Rampant Insecurity Is Detrimental To Economic Growth

We, the Kenyan people; have a reason to be concerned. Insecurity is skyrocketing in our motherland at a tremendous speed. Unfortunately, Inspector General of Police Mr. David Kimaiyo and the chairman of the National Police Service Commission (NPSC), Mr. Johnstone Kavuludi, are embroiled in personality clash and power struggles-in itself, a threat to our national security.

Unfortunately, as the cold war between police bosses rages, Northern Kenya is a besieged region. Recently, terror attack killed 14 people and injured 66 courtesy of improvised explosive device. US President Obama condemned the attack and called for prosecution of the perpetrators. A couple of weeks ago in Bungoma and Busia, 13 people were murdered, several others injured and displaced. The UN condemned the killings which in essence metamorphosed into crimes against humanity.

Preliminary Police investigation attributed Bungoma massacre to political rivalries between local politicians. Sadly, no single politician has been arraigned before the court. Eastleigh, a city on the outskirts of Nairobi, is synonymous with terror attacks.

A couple of days ago in Garissa, two police officers were brutally murdered. Murder of police officers came on the backdrop of trauma that was unleashed on police officers and their families following murder of 42 police officers in Suguta’s “valley of death”, North-Eastern Kenya. In unprecedented deterioration of security, 10 hardcore criminals last week escaped from Kamukunji police station. In another incident, a police officer was arrested for allegedly attempting to hijack a trailer. Resurgence of Mungiki is causing fear among the residents of central Kenya.

From the plains of Budalang’I to the peak of Mount Kenya, Kenyans are feeling vulnerable. As they sleep, they don’t know what will happen to them by night. From the shores of Mombasa’s Indian Ocean to the shores of the lakeside city of Kisumu, insecurity is creating a rather disconcerting environment.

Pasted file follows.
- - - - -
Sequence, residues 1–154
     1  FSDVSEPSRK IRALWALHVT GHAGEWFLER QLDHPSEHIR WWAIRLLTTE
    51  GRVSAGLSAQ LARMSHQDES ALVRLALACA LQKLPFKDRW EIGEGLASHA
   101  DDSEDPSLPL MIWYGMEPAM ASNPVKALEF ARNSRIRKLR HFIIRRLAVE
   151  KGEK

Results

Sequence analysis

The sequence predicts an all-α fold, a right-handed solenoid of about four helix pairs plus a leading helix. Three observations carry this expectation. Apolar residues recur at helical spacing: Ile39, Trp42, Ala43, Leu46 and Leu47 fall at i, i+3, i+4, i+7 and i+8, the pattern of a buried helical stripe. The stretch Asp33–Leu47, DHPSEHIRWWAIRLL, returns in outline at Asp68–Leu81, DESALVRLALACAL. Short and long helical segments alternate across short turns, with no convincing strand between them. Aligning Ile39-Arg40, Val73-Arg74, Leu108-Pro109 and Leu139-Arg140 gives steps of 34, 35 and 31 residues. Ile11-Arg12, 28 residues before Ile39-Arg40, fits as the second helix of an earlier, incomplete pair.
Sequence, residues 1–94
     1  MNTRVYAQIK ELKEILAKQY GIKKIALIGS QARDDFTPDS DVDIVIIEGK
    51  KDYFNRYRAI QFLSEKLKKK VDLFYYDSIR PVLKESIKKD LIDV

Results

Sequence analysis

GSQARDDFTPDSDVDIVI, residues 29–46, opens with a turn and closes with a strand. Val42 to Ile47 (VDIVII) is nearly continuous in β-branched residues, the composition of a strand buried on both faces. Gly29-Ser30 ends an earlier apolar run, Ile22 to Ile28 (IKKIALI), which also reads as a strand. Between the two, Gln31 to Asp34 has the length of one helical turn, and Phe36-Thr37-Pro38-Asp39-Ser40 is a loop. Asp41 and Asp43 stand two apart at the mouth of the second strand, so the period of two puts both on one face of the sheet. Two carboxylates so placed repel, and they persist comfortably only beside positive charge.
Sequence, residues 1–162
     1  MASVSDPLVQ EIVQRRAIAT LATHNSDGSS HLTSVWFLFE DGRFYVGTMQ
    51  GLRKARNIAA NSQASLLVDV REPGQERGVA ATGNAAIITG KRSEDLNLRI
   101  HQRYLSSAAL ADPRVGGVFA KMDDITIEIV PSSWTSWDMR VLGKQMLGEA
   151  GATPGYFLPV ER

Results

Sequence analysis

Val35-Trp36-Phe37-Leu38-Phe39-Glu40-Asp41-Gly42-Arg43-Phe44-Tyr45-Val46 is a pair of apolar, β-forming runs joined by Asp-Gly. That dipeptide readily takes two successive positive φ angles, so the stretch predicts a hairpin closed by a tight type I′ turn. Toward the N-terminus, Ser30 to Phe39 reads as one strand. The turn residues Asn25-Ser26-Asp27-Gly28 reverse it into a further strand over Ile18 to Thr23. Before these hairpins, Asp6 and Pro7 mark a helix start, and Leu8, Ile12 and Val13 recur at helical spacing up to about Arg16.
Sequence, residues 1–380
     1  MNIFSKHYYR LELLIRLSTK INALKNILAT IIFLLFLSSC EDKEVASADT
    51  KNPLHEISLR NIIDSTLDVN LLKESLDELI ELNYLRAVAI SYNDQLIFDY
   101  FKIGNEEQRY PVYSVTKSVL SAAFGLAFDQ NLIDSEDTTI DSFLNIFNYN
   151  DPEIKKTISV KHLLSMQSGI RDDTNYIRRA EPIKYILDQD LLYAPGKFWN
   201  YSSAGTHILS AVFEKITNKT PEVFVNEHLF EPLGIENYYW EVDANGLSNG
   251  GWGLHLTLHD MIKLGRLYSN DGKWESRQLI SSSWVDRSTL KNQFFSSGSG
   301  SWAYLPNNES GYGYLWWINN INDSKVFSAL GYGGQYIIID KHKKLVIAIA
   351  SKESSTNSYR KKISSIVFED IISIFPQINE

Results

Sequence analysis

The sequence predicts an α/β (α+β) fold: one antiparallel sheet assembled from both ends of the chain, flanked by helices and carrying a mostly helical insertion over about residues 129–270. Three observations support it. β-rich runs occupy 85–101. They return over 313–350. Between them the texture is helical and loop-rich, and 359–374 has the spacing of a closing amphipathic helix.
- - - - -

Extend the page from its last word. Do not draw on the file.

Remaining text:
Yet these fresh incidents of runaway insecurity are occurring on the backdrop of historical gruesome murders and insecurity related incidents that cast a doubt on the commitment of our Kenyan government to end rampant insecurity. Take Tana-River massacre. About 200 people were murdered.

Unfortunately, not a single high profile instigator of the violence has been arraigned in court and successfully prosecuted. The government commissioned an inquiry to unearth circumstances that led to Tana- River massacre. The commission handed its findings to president Uhuru last week.

But if the past approach to handling commission of inquiries is any indicator of how the present reports will be handled, Tana-River commission of inquiry is a foregone conclusion. Nothing will come out of it. The report will gather dust at the shelves of the government offices. But make no mistake. We can cut corners, run and hide. But we can’t run from reality, which is; rampant insecurity ruins national and international image of our country and casts doubt on the commitment of leaders to restore homeland security.

Lest we forget, rampant insecurity is detrimental to the economic growth and shudders economic opportunities for the people. Recently Kenya Tourism Board (KTB) released a report which revealed decreased number of tourists and revenues from the west. Among other reasons, travel advisory issued by Western countries over insecurity in Kenya played a turn-off role.

Rampant insecurity affects investors’ confidence. That’s why our commander in chief of all armed forces president Uhuru Kenyatta should move with speed to reorganize our security apparatus, restore investor confidence and end insecurity. Until rampant insecurity is arrested, Kenyan economy will suffer and economic opportunities for our people of Kenya will nosedive.

By Jacktone S. Ambuka, a Kenyan residing at State College USA.

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